Property investors were bullish on the U.S. housing market in 2017, flipping more homes than in any year since 2006, when the real estate bubble that helped upend the global economy was still inflating.
Investors flipped more than 207,000 single-family houses and condos in the U.S. last year, Attom Data Solutions said in a report, which defines flips as sales that occur within 12 months of the last time the property changed hands. More than 138,000 investors flipped a home last year, the most since 2007.
“The long up-cycle that we’re in is giving more and more people confidence to try their hand at home-flipping,” said Daren Blomquist, senior vice president at Attom. Rising home prices are “pulling more people onto the bandwagon.”
Today’s home flippers appear to be more conservative than bubble-era investors. The average flip generated gross returns of 50 percent in 2017, compared to 28 percent in 2006. Thirty-five percent of flippers financed their acquisitions last year, the highest share since 2008 but far lower than the 63 percent who used loans in 2006.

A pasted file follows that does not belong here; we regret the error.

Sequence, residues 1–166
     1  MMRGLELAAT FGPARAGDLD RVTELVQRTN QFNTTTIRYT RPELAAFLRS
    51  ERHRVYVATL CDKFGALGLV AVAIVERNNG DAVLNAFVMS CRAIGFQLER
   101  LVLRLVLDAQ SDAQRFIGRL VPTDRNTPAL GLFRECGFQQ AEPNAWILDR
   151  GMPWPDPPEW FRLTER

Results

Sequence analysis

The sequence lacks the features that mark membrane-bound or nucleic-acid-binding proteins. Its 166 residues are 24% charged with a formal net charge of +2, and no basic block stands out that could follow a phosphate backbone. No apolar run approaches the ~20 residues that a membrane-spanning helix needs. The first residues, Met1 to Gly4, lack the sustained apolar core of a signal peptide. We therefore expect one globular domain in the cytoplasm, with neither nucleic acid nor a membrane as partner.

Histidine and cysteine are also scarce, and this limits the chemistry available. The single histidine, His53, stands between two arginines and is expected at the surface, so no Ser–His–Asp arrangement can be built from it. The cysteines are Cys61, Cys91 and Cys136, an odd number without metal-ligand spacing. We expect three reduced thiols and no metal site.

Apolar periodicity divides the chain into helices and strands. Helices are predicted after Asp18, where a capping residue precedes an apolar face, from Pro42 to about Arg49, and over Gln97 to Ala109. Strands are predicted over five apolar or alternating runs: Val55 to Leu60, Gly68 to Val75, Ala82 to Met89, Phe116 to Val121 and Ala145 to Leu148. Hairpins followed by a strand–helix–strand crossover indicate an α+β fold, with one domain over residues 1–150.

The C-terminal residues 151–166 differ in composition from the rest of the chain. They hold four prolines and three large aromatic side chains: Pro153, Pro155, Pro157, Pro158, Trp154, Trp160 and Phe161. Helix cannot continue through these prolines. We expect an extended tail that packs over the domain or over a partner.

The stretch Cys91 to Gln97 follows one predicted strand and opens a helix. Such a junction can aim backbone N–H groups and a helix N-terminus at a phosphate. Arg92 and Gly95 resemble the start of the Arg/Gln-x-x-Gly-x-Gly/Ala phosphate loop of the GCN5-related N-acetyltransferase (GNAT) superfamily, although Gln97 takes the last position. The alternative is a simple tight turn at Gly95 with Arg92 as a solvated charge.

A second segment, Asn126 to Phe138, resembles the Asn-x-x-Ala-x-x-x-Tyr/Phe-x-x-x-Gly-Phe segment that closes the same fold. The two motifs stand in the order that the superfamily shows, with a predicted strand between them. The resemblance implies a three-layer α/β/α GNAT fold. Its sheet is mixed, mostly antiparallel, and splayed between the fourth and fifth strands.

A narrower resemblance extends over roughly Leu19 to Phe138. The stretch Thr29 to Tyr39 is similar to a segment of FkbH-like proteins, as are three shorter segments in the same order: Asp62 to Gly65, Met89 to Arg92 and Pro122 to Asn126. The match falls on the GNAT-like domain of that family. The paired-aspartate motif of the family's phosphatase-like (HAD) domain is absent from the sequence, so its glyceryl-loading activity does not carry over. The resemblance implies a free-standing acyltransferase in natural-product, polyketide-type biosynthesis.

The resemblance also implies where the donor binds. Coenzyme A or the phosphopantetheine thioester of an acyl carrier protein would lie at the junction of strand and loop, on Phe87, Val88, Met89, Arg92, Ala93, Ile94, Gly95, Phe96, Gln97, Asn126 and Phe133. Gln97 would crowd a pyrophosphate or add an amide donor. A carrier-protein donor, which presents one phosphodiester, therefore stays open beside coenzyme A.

Still, red flags show up in local markets. Flippers in Austin, Texas; Santa Barbara, California; and Boulder, Colorado, earned gross returns of less than 25 percent (which don’t include the cost of renovating the homes), suggesting that investors in some markets are depending on slim margins. Flips represented almost 13 percent of home sales in Memphis, Tennessee, in 2017, more than twice the national average, a sign that some flippers are becoming overconfident, Blomquist said.